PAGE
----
Flood damage to exceed £2 billion, rise in premiums unlikely

| July 26, 2007 | 0 Comments

The Association of British Insurers (ABI) estimate that the June flood bill stands at £1.5 billion and this, together with the damaged caused by the floods in July, is likely to make 2007 the worst for the insurance industry for nearly 17 years, when it paid out £2 billion in claims.

The insurance industry is now expecting that claims for flood damage this summer may well exceed £2 billion. Insurance companies are having to bring extra staff in to deal with the work involved and Direct Line has informed policyholders that service will be slower than usual with people waiting around 5 days before being visited by a claims assessor. It has also requested that policyholders not affected by floods to delay making a claim.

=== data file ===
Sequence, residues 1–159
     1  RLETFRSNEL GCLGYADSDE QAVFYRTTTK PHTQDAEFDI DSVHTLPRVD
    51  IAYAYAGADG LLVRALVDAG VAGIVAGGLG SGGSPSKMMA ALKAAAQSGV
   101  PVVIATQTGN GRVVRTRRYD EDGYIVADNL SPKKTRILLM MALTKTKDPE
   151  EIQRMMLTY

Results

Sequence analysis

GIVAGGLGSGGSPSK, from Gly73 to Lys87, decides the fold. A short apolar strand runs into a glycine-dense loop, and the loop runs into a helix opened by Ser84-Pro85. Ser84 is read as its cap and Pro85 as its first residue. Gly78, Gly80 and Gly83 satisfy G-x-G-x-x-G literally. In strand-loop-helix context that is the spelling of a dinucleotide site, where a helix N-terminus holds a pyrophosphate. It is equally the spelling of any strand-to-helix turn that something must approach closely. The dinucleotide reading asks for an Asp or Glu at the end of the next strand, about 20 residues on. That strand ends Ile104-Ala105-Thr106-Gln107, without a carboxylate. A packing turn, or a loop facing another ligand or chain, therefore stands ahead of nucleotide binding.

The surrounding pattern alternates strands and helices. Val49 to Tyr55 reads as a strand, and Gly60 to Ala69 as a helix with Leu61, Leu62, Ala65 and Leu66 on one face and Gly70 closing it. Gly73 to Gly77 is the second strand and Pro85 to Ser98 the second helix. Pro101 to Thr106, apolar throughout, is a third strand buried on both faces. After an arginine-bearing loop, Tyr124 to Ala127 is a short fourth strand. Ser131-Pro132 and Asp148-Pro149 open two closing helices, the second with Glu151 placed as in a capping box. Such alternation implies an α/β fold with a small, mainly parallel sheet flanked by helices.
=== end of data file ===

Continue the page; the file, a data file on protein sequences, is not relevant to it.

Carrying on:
However, the ABI does not anticipate the level of claims to impact negatively on premiums and says that insurers will have planned for such measures. The insurance industry has also promised to adhere to its Statement of Principles on flood insurance, under which it has agreed to continue insuring people in areas where there is a danger of flooding but this is heavily dependant upon the government maintaining flood defences. Currently, the government plans to increase spending on flood defences to £800 million a year by 2010 but the ABI would like to see an increase immediately in the flood defence budget.

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